With regards to the dynamics of honesty and empowerment in financial decision making, Dr. Greer said:

“The more open and honest you are, the more empowered you feel to be able to make financial decisions and choices that are important to you rather than winding up feeling controlled or resentful of your partner.”

When it comes to Millennials topping the financially related happiness stakes, it’s not all sugar and spice though.

36% fight about money at least once a week compared to 15% for Gen Xers and 7% of baby boomers. Even though disagreements about money can be hard within a relationship, it is important to have these conversations. Frank discussions ensure both parties are committed to the same goal and can also stop resentment.

Ryan Bailey from TD Bank puts it in a nutshell:

“When arguments arise related to things like overspending, having an open discussion about budgeting and aligning on how to divide or share their finances is important.”

Plan together to stay together

The couple that plans together stays together, or so we like to think.  However, this doesn’t stop couples having wildly different views about spending, saving, lifestyle, supporting children, retirement and estate planning.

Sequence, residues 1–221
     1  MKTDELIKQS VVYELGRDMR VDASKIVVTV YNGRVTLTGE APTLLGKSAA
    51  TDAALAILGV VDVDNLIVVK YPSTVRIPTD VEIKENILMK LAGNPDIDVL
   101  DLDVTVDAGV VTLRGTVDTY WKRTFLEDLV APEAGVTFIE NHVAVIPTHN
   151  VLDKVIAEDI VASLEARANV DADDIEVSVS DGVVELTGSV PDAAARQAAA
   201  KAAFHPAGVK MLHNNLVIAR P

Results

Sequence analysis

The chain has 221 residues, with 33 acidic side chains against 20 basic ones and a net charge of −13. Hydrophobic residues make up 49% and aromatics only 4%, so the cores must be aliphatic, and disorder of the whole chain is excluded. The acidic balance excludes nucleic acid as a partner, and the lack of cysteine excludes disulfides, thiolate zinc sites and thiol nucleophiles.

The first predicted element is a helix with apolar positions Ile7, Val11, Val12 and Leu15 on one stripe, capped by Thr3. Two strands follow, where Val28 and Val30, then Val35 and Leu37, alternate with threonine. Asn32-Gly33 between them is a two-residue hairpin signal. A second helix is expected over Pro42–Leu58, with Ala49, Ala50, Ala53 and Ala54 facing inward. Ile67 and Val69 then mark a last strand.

Developing good money habits through regular discussion helps remove the taboo around talking about money.

There is no wrong way to talk about money. It is about finding the format that works best for you as a couple. A few suggestions, to help get the ball rolling are:

  1. A monthly marriage meeting to see that you are on track with your joint goals
  2. Committing to a shared saving goal and setting up monthly payments
  3. Agreeing on the reward for achieving your savings goal together to keep you both motivated
  4. Having an honest policy! If someone splurges they know it is ok to share and you can get back on track together
  5. Identifying subjects where you ‘agree to disagree’. You bench these for a later time and focus on the big picture.
  6. Setting career goals together so you can both focus on growing your income

When you are confronted with a life change as a couple, such as a move, a death or a birth, you need to talk about the impact on your finances as a couple. Like any good habit, talking about money naturally will take time and require commitment from you both. However, it can help you be happier as a couple as you move towards your shared goals. Another upside is that you will also be aware of 100% of your accounts and investments. We often speak to couples where one person controls the finances. This isn’t a problem as long as you both know where your money is and how to access it.

Meeting as a couple

We understand the importance of planning a future as a couple. This is why we will always try and meet with both of you before you join us as a client. Your documented financial plan will, therefore, reflect the views of all decision-makers in your household.